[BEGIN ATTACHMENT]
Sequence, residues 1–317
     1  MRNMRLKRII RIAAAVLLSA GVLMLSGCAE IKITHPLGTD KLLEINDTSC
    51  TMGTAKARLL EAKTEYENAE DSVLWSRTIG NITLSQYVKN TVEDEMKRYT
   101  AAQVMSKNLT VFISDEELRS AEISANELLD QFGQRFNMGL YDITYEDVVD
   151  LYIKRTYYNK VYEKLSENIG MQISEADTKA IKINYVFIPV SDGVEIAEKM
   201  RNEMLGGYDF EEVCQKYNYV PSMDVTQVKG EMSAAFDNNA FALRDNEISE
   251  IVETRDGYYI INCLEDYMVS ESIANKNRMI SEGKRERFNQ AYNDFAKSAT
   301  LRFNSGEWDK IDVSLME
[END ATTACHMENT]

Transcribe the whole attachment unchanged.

Sequence, residues 1–317
     1  MRNMRLKRII RIAAAVLLSA GVLMLSGCAE IKITHPLGTD KLLEINDTSC
    51  TMGTAKARLL EAKTEYENAE DSVLWSRTIG NITLSQYVKN TVEDEMKRYT
   101  AAQVMSKNLT VFISDEELRS AEISANELLD QFGQRFNMGL YDITYEDVVD
   151  LYIKRTYYNK VYEKLSENIG MQISEADTKA IKINYVFIPV SDGVEIAEKM
   201  RNEMLGGYDF EEVCQKYNYV PSMDVTQVKG EMSAAFDNNA FALRDNEISE
   251  IVETRDGYYI INCLEDYMVS ESIANKNRMI SEGKRERFNQ AYNDFAKSAT
   301  LRFNSGEWDK IDVSLME